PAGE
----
Once fluorescent detection has been made, the excitation source is turned off and the second light source is turned on. The light emitted from the second light source is a different wavelength than the light emitted from the excitation source so as not to induce fluorescence. In an embodiment, the excitation source includes a UV LED, and the second light source includes an IR LED. The second light source emits light into the fluorescence detector via the filters and sample. The second light emission is preferably directed along a path that corresponds to the same path along which the light from the excitation source was passed. In an embodiment, the first and second light emissions pass along the same or substantially the same path. This allows the second light, once detected, to provide an accurate indication that corresponds to the amount of fouling, turbidity and/or other effects on the fluorescent measurement. In this way, the fluorescent measurement can be corrected in any suitable manner to account for such effects, thus enhancing the fluorescent detection capabilities. These corrections cannot be done with the conventional 90° optical arrangement.
Alternatively, the first and second light emissions can deviate from an emission path that is the same or substantially the same. Thus, the first and second light emissions can be configured to pass in sufficient portion along the same path such that correction with respect to fouling, turbidity and/or the like can be effectively, though less accurately, made. It should be appreciated that the first and second light sources can be configured in a number of suitable and different ways, some of which are described in greater detail below.
As previously discussed, the interchangeable tip-open cell fluorometer of the present invention can be configured in a number of suitable ways. As detailed below, a number of examples of the interchangeable probe tip are provided illustrative of the present invention.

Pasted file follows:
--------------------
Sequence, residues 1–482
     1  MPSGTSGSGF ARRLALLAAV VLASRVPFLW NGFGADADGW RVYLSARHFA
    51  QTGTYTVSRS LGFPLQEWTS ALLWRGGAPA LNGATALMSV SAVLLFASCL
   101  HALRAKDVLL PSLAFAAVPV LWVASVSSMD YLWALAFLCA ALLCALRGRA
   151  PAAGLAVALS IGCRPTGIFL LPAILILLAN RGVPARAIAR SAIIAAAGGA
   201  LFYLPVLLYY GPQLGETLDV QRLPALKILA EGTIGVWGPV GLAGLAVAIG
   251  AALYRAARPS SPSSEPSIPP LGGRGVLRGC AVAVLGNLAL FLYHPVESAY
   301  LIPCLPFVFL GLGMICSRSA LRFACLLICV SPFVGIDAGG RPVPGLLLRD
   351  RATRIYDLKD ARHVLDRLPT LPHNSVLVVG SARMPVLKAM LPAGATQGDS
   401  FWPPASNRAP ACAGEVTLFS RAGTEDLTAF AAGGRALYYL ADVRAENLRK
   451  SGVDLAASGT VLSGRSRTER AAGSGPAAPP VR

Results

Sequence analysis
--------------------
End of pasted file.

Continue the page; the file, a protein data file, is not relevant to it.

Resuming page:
To enhance the detection capabilities of the fluorescent detection, the interchangeable probe tip includes a reference detector 42 that receives a portion of the excitation light 18 via the reflective member 20 as previously discussed. The reference detector 42 can be used to compensate for variations in the excitation light emission as discussed above.
The interchangeable probe tip 10 further includes a second light source 14 that is used for corrective purposes with respect to fouling, turbidity and/or the like as discussed above. The second light source 14 includes an IR LED source. This generates a collimated beam of light 46 that is directed to the reflective member 20. A substantial amount of the beam 46 is transmitted through the reflective member 20, as light beam 48, along the same or substantially the same path as the reflected excitation light beam 22. In an embodiment, about 98% or more of the light beam is transmitted through the reflective member 20 and into the measuring cell 28. The remaining portion of light beam 50 associated with the second light source 14 is reflected via the reflective member 20 into the reference detector 42 to compensate for variations in the second light source emission similar to the excitation source emission as previously discussed.
The transmitted amount of light beam 48 from the second light source 14 passes through the sample 30 and further passes through the second filter 34 in at least a substantial amount along the same or substantially the same path that the fluorescent emission 32 passes through the second filter 34. The amount of transmitted light associated with the second light source is then detected by the fluorescence detector 36. This measurement can be used in any known way to correct for changes in the fluorescent measurement due to fouling, turbidity and/or the like as previously discussed.